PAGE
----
KUWAIT: KIPCO is ready to fund construction of its planned $5 billion real estate project in Kuwait, but is open to bringing in partners to help speed up completion, its vice chairman said on Tuesday.
Kuwait Projects Company would also achieve a 15 percent increase in net profit this year as the firm has experienced limited impact from lower oil prices and regional political tensions, Faisal al-Ayyar told the Reuters Middle East Investment Summit.
The 380,000-square-metre development on the edge of Kuwait City, in an area where several foreign embassies are located, was said to be among the largest real estate projects ever planned in the country when announced in September.
Ayyar said it was awaiting the necessary municipality approvals for the project but was hopeful of securing these by the end of this year, with construction beginning in early 2016.
“We have no problem with the financing to complete the project but if there is an investor that carries the vision, we will be happy to partner and maybe the seven years in which the project will finish will become five years,” Ayyar said in the summit interview.
Largest scale infrastructure and construction schemes have struggled to get off the ground in Kuwait because of political infighting and cumbersome bureaucracy.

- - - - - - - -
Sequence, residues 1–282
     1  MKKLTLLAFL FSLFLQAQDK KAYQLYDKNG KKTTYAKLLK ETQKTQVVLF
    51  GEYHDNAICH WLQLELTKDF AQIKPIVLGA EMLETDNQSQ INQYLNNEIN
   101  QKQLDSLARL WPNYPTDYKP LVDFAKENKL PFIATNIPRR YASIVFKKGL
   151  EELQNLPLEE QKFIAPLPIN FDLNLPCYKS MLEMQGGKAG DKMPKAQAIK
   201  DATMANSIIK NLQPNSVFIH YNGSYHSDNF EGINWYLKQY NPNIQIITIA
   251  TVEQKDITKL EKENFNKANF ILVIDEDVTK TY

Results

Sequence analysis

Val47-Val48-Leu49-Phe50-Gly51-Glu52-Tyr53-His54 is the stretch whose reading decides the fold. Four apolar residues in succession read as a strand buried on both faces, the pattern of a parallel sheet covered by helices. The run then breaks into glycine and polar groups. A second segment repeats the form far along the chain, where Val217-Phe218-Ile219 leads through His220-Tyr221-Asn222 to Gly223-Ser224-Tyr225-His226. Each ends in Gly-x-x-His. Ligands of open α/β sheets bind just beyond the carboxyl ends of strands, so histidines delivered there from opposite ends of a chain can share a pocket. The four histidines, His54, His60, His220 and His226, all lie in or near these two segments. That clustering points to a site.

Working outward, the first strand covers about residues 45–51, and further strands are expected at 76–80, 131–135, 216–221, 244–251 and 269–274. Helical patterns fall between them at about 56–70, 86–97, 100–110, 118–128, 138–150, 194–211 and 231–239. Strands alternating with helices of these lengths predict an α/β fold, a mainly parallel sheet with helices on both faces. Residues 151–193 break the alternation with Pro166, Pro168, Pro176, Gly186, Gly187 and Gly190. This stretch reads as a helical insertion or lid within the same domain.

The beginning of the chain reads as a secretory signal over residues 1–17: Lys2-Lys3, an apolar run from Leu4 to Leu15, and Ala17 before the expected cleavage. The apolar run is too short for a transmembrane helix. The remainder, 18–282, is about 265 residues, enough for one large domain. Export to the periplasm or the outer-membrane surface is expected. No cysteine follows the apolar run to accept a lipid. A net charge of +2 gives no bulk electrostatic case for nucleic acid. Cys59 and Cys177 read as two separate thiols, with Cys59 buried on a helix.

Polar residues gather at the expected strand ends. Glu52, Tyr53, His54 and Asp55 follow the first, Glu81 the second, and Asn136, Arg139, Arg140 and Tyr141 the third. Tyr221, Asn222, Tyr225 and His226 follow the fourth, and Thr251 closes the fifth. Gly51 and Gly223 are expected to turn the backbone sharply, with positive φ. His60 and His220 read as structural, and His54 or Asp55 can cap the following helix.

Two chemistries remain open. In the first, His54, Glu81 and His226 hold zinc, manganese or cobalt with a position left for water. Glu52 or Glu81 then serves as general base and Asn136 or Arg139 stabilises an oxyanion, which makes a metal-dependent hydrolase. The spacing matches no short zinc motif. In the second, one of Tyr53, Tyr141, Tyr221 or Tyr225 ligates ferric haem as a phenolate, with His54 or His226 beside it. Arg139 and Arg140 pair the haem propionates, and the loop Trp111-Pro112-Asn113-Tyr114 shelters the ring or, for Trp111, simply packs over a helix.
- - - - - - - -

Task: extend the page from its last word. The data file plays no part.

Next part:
With state coffers under pressure due to the lower oil price – it is predicting a budget deficit of 8.18 billion dinars ($27 billion) for the 2015-16 fiscal year – Kuwait has been implementing a number of reforms to ease foreign investment and unclog the project pipeline.
These include a new public-private partnerships law and changes to an unpopular offset scheme requiring international investors to allocate 35 percent of the value of many government contracts to local businesse ventures.
KIPCO, one of the Gulf’s most prominent private sector businesses with interests in industrials, media, financials and real estate, reported a 17 percent rise in third-quarter net profit on Monday.
Ayyar said the company was on course to achieve a 15 percent net profit increase this year, as its diversity and reputation helped it to overcome any impacts from the main negative forces impacting the Middle East.
“The company’s portfolio is very diversified and we are working in multiple markets that do not depend on oil — countries such as Tunisia and Jordan have benefited from falling oil prices,” he said.
KIPCO has presence in 24 countries, of which 17 are in the Arab world.
Of the political and security uncertainty, the impact has been “limited” and it has not halted any KIPCO projects in the last five years except in Syria, Ayyar said, adding its profits from Iraq have actually been on the rise.
Burgan Bank, which is 64.4 percent owned by KIPCO, has been one of its more expansive businesses, buying into Turkey and targeting the United Arab Emirates, Saudi Arabia and Egypt to increase the size of its international operations.
However, Ayyar believed expansion was no longer a priority for the bank, with the focus now on absorbing what it had taken on.
One business that would continue expanding was Takaud, its Bahrain-based pensions and savings business, which Ayyar believed would experience strong growth as it targeted opening in 10 new markets in the next five years.
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